Obama Uses Hurricane Season Start to Boost Climate Plan

Photographer: Olivier Douliery/Getty Images, Pool

U.S. President Barack Obama attends a hurricane preparedness meeting at FEMA headquarters in Washington, D.C. on May 30, 2014. ( Close

U.S. President Barack Obama attends a hurricane preparedness meeting at FEMA... Read More

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Photographer: Olivier Douliery/Getty Images, Pool

U.S. President Barack Obama attends a hurricane preparedness meeting at FEMA headquarters in Washington, D.C. on May 30, 2014. (

Anticipating more storms like Hurricane Sandy, President Barack Obama urged emergency workers and residents in coastal areas to brace themselves for the start of the hurricane season.

The official beginning of the hurricane season two days from now coincides with an administration focus on climate change, which Obama is making a central issue during his final years in office.

“The changes we’re seeing in our climate mean that, unfortunately, storms like Sandy could end up being more common and more devastating,” Obama said today at a hurricane preparation meeting at the Washington headquarters of the Federal Emergency Management Agency. “And that’s why we’re also going to be doing more to deal with the dangers of carbon pollution that help to cause this climate change and global warming.”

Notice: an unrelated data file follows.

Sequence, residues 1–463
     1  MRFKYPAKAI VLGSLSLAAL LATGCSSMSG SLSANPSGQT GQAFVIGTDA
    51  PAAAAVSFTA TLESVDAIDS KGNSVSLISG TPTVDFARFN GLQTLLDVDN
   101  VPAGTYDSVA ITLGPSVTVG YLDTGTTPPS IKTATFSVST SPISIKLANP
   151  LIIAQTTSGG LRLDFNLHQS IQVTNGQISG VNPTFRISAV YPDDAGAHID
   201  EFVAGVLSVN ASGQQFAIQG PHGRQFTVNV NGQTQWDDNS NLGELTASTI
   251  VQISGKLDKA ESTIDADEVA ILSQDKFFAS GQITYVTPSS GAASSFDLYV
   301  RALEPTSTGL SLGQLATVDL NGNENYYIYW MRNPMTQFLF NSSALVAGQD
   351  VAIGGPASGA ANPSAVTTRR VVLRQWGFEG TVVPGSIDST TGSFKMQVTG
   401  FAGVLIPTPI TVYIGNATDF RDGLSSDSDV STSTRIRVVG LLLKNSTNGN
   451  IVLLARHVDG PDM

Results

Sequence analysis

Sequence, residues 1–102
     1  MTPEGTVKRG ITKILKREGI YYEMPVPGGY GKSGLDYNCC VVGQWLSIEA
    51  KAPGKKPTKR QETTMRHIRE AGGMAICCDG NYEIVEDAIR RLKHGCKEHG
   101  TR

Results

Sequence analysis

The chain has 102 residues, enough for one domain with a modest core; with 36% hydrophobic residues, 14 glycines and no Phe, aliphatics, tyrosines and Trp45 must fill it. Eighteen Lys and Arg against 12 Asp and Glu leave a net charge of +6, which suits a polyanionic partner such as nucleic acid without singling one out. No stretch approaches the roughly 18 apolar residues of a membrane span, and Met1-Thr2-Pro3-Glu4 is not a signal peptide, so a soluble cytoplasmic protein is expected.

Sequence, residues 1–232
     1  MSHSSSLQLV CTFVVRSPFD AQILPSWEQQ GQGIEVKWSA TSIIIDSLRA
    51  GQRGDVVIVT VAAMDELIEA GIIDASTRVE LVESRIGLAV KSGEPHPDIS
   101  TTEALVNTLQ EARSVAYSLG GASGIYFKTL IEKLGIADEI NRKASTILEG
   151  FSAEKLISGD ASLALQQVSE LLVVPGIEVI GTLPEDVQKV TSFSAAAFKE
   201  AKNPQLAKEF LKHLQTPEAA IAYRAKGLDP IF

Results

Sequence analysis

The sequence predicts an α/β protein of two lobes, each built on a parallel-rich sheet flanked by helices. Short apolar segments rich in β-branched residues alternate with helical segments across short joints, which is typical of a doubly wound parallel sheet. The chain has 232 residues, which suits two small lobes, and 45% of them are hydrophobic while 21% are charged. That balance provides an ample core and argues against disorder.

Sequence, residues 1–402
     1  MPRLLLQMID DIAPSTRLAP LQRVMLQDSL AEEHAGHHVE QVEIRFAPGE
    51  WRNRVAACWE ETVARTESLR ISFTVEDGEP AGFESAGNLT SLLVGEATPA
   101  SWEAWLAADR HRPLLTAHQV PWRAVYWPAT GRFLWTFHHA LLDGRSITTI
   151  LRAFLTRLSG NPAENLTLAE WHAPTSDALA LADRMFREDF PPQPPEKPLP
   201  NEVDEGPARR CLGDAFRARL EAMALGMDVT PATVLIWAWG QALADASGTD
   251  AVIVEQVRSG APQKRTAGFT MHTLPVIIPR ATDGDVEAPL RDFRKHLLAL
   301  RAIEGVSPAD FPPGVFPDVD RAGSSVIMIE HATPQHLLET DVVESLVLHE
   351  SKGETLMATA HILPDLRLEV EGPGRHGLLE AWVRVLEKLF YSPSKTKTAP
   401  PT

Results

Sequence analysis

The Environmental Protection Agency is set to announce on June 2 limits on carbon emissions from power plants. While the regulations are sure to draw a political fight from lawmakers from coal-producing regions, Obama’s advisers view them as critical to the president’s legacy and his efforts to coax other nations to limit emissions.

Obama will discuss global warming again tomorrow in his weekly radio address. After leaving FEMA headquarters Obama stopped at Children’s National Medical Center in Washington to talk with children whose illnesses are aggravated by air pollution.

Sandy Example

This hurricane season may have fewer storms than average because of the El Nino effect of warmer tropical Pacific temperatures, according to a Bloomberg Industries report citing Colorado State University scientists. The National Oceanic and Atmospheric Administration predicts a 70 percent chance of eight to 13 named storms this season with one or two becoming major hurricanes of Category 3 or above.

Despite predictions of a light hurricane season, NOAA Administrator Kathryn Sullivan at a May 22 press conference in New York pointed to 2012’s Hurricane Sandy to show that it only takes one storm making landfall in a vulnerable area to cause catastrophic damage.

The first storm of the season, Amanda, grew into a Category 4 storm before losing strength this week in Pacific off of Mexico, according to the U.S. National Hurricane Center.

To contact the reporter on this story: Angela Greiling Keane in Washington at agreilingkea@bloomberg.net

To contact the editors responsible for this story: Steven Komarow at skomarow1@bloomberg.net Joe Sobczyk, Don Frederick

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